Best Of :: Arts & Entertainment
Native Dubliner Robert Cremins is an English teacher at Strake Jesuit College Prep, and likely the sort of man of whom his alter ego, Tom Iremonger, would not have approved. Iremonger, the protagonist in Cremins's A Sort of Homecoming, is a pill-popping, hard-drinking, womanizing, inheritance-squandering young nihilist fresh back in Celtic Tiger Ireland after six months' debauchery on the Continent. According to an Irish ad campaign, he is also "Ireland's greatest resource." The first face Iremonger sees on his return from Europe is his own on a poster. Nevertheless, his swollen ego soon takes a battering as he realizes that he is not as sophisticated as he thinks, nor is his country as provincial as he believes nor his long-suffering girlfriend as faithful as he had assumed. Cremins's novel is among the first in a new subgenre in Irish fiction that concerns itself not with rural starving drunkards nor Dublin's huddled masses but rather with freshly minted Dublin high society. The Times of London said that the author has "the smart touch of a young Martin Amis."
The jewel in Pam Robinson's Washington Avenue crown -- and the nerve center in the three-club cluster she calls Pamland Central -- Walter's is less a nightclub than a neighborhood bar with a stage. On that stage, the music comes from both near and far, the musicians both semifamous and downright illustrious. Everyone from rookie bandleader Hilary Sloan to Grammy-winners Augie Meyers and Flaco Jimenez to living legends W.C. Clark and Tony Joe White have performed in the medium-sized room, which offers some of the most intimate surroundings in town. The bartenders -- one of whom is the cousin of Walter's regular guest Mike Barfield -- know just as much about music as they do about mixology. And thanks to the nearby railroad yard, you can listen to the lonesome whistle echoing back the blues, rockabilly and honky-tonk sounds billowing out of Walter's.
It's tough in Houston for new local acts to get gigs. It's a catch-22: While everyone wants to see the next big thing, local audiences can be blasé about going out and seeing new bands. A band has to get a rep before people start coming out to see them, but how can they earn their spurs if nobody will let them get up and play? Fitzgerald's will. Now in its 25th year, the rambling old Polish dance hall has survived conversion from a blues and roots bar into the proving ground for fresh rock and punk acts. It has outlasted and absorbed its main competitor, Emo's, and even gives the late Montrose landmark a weekly memorial with its Wednesday-night tributes. Want to get ahead of the curve and be able to turn your nose up and say, "Well, you should have seen them when..."? Then get thee to Fitzgerald's often and stay late.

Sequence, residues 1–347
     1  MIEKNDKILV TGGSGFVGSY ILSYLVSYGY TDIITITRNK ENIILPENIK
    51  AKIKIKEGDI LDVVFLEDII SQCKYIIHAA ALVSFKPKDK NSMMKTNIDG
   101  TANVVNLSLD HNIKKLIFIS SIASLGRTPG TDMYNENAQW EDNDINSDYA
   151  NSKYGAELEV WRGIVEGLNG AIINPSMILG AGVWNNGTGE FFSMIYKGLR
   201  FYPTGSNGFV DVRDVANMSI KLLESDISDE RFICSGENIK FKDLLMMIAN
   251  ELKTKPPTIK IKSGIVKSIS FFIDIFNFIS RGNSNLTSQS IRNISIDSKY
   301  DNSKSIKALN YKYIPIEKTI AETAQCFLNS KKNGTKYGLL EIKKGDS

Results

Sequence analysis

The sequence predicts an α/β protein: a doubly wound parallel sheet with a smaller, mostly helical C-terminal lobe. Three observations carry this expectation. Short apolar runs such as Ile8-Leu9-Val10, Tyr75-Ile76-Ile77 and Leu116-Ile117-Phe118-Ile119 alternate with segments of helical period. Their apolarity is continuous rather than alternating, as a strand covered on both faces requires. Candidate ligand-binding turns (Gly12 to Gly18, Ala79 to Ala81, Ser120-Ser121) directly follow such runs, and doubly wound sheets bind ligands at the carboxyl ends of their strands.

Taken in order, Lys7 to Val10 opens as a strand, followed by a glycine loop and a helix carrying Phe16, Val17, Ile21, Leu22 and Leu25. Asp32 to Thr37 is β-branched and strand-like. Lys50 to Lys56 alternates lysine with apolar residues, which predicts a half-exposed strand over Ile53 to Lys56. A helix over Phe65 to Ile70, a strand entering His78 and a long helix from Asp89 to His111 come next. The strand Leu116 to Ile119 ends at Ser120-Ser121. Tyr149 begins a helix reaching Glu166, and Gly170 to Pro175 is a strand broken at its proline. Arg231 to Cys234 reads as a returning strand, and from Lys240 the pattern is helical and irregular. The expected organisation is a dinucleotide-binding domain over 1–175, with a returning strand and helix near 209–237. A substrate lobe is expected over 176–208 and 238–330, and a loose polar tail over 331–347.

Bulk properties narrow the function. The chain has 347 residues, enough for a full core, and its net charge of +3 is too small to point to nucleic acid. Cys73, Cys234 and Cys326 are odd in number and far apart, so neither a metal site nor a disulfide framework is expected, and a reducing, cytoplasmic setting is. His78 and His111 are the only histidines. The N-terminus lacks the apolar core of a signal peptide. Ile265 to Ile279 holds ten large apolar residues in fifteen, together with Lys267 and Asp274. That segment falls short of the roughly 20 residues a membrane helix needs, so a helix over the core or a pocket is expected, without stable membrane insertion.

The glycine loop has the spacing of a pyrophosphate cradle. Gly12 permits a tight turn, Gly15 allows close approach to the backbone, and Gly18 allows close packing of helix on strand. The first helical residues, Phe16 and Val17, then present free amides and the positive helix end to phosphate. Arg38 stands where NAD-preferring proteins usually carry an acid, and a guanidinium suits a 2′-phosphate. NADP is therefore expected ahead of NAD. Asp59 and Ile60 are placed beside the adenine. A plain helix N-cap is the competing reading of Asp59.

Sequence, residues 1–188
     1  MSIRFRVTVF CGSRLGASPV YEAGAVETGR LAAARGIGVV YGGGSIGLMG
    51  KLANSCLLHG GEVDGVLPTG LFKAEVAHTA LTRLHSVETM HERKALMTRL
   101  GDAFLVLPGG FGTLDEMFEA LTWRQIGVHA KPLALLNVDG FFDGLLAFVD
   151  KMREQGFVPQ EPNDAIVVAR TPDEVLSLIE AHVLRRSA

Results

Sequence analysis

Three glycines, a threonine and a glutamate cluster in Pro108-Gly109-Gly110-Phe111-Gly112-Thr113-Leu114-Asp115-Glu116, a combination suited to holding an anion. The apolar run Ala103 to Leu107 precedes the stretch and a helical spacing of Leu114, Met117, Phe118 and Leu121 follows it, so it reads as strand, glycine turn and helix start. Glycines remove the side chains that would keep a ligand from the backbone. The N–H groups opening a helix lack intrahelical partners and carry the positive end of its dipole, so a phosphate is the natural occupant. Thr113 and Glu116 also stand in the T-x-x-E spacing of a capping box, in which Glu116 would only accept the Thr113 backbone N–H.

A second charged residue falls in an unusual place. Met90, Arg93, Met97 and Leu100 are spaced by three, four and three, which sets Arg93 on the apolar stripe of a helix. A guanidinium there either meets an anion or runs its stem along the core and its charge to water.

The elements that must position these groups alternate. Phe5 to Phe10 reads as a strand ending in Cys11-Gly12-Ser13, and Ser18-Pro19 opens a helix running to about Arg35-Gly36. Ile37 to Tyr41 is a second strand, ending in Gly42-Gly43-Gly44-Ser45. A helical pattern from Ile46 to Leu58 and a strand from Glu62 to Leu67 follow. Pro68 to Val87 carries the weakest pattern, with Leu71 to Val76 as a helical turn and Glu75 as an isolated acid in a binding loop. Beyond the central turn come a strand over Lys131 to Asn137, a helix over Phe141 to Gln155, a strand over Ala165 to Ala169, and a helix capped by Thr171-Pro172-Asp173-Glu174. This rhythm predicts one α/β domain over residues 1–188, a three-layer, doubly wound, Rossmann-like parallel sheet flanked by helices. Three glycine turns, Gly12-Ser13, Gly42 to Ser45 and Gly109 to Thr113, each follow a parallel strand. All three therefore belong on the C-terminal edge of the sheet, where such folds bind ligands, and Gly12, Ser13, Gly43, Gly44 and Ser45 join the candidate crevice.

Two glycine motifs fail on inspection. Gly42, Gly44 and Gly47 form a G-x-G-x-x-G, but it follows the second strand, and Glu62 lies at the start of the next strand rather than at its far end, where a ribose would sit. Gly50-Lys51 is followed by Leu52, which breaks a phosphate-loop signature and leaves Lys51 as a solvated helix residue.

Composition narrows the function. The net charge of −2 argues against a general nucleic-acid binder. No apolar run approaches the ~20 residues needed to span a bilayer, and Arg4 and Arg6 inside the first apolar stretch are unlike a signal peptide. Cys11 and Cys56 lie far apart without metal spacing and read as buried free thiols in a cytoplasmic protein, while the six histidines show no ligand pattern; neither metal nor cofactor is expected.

For all those tired of the scene, Meteor might well bring you back into the fold. This sleek joint off Fairview offers a fresh take on the neighborhood gay bar. It's decked out in modern threads with neato ceiling fans and comfy oversize high-backed couches. The numerous TV sets around the room showcase music videos of the latest dance grooves without overwhelming the conversation you started up with that really cute guy drinking the cosmo. It's the kind of ultrahip, classy place where you can bring the straights along for a night on the town. It's trendy but not pretentious, attractive but not flashy -- kinda like most of the guys you'll meet here. Whether you're out with old friends for a drink or looking to make new ones, give Meteor a try. It just might become your new scene.
Didn't know there's a lesbian Tejano bar in town? Tight niche. Mela's has been filling that niche free of competition since 1980, back when few folks were comfortable with the thought of lesbianism and fewer were familiar with the word Tejano. Owner Herlinda "Mela" Contreras, 55, was born and raised in Houston as one of 16 children. Contreras was honored as the female grand marshal for this year's pride parade. Her family always knew she was gay but never gave her anything less than full support. That support has been instrumental in her success at keeping her bar open more than 20 years. Mela's has changed with time, with its guests branching out to lesbian and straight couples alike, Latinos, bolillos (gringos) and every other race. Order up a michelada, a house favorite made with Mexican beer (usually Corona) mixed with lime and hot sauce. The spicy coolness strikes a tasty balance against Houston's heat.
Not many jukes can take the pressure of having their own theme night, but Tom McLendon's Big Easy box can. Every Monday, he turns off the coin slot and customers have free rein to play all the Lightnin' Hopkins, Ray Charles, Neville Brothers and George (both Porter and Jones) they want. There's free pool, too, so if you want to go in and bone up on your billiards and your Gulf Coast classics some Blue Monday, the Big Easy's your best bet.
Tack an extra digit onto your SAT scores. Valhalla is a grad student-run bar tucked into a corner of the old chemistry building on Rice's abundantly treed campus (look for the red arched door). Even without the verdant surroundings, Valhalla's ridiculously cheap 75-cent beer is a sufficient lure for anyone interested in the effects of ethanol on the human body. The bartenders are volunteer Rice staff, faculty, students and alumni. Out on the lawn, perpetual doctoral students and their families lounge on the grass while their four-year-olds debate the existence of the Higgs boson particle and deconstruct Finnegans Wake. As DEET-coated children play Frisbee to observe laminar flow, adults take turns making beer runs into the dim, quasi-subterranean bar.